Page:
Aulus Cornelius Celsus (25 BCE-50CE)
[De medicina libri viii] .Venetiis: Impressor Ioannes Rubeus Vercellensis fuit, die 8 mensis lulii, 1493. Fulltext online
- Aulus Cornelius Celsus, [De medicina libri viii]. Front cover. This incunabulum (originally meaning cradle, but now the accepted term for a book printed before 1501) is the oldest volume in our collection. Although this copy contains no illuminated or hand-painted images, it exemplifies the transition from manuscripts to printed texts. The printers left spaces to add hand-painted, illustrated initials, and they made margins wide enough to permit hand illumination there as well.
- Aulus Cornelius Celsus, [De medicina libri viii]. Note space left for decorated or hand-painted letters to be added.
De medicina is one of the oldest documents in Western medicine after the Hippocratic writings. Aulus Cornelius Celsus may have been only a writer and an editor, and not a practicing physician, but in his time the difference between what a learned person and a doctor knew about medicine might not have been great. Whatever his background, Celsus left the best account we have of Roman medicine and surgery. Much of his work appears to be a compilation from the Greeks, including Hippocrates.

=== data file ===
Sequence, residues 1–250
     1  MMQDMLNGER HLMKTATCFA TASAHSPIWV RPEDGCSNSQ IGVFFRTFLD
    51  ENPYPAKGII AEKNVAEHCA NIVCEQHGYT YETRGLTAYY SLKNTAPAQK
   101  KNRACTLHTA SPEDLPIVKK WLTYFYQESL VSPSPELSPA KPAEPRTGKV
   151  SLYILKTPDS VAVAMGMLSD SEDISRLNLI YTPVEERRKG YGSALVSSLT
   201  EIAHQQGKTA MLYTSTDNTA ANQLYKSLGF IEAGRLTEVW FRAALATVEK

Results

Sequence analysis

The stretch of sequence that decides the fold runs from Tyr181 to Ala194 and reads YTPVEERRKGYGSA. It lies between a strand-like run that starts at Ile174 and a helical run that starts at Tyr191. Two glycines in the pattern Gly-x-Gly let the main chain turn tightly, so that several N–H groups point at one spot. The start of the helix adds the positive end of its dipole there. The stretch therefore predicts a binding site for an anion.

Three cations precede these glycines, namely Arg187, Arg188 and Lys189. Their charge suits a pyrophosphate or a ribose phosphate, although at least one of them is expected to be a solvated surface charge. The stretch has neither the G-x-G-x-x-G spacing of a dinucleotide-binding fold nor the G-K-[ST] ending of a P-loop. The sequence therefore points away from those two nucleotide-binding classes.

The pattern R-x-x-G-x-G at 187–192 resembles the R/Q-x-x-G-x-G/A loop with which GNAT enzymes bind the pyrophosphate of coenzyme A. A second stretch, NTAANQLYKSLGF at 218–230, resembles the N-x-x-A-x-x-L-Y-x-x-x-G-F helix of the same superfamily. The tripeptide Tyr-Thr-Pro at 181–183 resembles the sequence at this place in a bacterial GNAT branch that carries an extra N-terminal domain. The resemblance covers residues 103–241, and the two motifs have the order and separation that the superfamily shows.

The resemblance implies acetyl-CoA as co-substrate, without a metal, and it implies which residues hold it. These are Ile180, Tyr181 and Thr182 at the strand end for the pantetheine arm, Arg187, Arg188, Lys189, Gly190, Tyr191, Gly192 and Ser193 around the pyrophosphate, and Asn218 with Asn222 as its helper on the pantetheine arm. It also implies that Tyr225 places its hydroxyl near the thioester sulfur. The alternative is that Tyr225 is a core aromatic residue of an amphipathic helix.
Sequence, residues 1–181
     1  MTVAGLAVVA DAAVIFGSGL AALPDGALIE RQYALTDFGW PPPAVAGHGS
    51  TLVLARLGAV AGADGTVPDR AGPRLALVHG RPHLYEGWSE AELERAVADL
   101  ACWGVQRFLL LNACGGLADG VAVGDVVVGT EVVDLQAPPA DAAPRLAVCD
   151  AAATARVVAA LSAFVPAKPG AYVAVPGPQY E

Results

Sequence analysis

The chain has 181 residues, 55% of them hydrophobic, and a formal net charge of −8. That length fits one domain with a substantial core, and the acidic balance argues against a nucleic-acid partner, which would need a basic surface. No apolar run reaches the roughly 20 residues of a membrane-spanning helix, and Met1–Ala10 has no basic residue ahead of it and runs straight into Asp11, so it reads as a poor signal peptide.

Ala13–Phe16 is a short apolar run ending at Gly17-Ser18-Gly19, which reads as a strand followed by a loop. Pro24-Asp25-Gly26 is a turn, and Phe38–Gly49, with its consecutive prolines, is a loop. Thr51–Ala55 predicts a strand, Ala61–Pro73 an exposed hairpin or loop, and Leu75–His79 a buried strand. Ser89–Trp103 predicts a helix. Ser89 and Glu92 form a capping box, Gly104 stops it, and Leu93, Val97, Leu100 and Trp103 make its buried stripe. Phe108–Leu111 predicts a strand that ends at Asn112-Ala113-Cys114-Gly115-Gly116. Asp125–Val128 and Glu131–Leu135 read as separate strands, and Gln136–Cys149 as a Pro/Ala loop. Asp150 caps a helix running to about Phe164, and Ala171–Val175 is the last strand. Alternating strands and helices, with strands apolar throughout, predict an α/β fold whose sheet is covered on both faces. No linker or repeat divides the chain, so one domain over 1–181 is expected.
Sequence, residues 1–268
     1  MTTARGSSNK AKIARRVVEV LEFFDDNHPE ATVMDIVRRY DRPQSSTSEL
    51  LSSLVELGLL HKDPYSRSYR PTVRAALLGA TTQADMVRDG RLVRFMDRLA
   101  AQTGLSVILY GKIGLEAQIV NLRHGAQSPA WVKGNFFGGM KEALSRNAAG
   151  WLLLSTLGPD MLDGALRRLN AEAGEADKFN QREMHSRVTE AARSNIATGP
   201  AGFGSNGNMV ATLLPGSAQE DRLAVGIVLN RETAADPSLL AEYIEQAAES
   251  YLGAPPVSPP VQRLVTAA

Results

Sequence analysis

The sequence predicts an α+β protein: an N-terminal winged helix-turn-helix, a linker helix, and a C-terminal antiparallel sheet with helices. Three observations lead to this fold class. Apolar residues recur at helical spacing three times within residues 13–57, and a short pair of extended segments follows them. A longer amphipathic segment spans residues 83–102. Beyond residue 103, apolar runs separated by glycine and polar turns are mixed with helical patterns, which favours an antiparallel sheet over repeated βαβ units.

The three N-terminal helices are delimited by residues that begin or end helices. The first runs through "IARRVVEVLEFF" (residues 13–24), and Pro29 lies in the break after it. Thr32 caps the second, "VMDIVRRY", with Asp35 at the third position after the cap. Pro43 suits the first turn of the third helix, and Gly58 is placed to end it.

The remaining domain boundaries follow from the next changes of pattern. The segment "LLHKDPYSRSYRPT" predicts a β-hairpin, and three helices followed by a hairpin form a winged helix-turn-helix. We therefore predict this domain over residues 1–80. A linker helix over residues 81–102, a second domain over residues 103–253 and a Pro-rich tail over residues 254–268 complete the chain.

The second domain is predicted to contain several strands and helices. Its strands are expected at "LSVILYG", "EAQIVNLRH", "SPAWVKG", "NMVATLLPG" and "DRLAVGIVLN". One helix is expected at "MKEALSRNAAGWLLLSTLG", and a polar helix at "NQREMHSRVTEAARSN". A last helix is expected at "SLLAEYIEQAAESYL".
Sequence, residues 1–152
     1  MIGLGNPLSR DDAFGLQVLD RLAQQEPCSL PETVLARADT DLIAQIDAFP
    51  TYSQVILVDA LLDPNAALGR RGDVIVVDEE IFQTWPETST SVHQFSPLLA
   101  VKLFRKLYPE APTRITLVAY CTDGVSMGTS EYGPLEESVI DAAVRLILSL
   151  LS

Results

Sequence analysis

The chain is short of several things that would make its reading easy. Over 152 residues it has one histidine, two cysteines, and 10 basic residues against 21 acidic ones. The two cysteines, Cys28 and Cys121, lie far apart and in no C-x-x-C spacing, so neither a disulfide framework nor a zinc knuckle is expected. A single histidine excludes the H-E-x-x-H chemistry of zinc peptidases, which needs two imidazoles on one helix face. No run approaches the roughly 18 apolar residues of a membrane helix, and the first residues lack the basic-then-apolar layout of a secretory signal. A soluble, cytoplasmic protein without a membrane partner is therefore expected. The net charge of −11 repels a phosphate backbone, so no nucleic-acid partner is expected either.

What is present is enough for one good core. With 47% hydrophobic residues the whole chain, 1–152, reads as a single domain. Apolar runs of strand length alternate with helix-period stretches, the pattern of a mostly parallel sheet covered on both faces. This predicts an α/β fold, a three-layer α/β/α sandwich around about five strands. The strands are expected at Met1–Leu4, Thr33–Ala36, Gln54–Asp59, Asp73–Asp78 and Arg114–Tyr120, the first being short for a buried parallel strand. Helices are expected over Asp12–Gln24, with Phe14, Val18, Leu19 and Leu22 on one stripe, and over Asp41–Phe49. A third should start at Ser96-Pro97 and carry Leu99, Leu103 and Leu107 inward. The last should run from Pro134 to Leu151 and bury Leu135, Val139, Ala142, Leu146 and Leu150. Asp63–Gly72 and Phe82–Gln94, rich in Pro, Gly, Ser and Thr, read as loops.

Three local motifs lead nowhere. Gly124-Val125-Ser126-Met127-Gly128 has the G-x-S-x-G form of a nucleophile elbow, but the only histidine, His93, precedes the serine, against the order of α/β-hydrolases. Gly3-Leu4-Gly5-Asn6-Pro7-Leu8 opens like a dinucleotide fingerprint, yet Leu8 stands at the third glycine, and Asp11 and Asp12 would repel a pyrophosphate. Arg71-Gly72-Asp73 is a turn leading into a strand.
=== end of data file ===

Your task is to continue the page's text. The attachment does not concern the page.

The books of De medicina formed part of a larger work called Artes, which contained sections (now lost) on military science, agriculture, philosophy, rhetoric, and jurisprudence. After a preface De medicina gives a thorough account of medicine and surgery in eight books: two books on diet; followed by two on diseases treated by diet; then two books on diseases treated with medicines; and, finally, two books on the uses of surgery. Celsus recognized the importance of basing the study of medicine on anatomy. He stressed that diagnosis should precede treatment, and he recommended the use of drugs more than the Greeks did. However, Celsus also considered hygiene and exercise important to maintaining good health. All this is carefully brought together in an elegant prose style that has won praise from Latinists for centuries.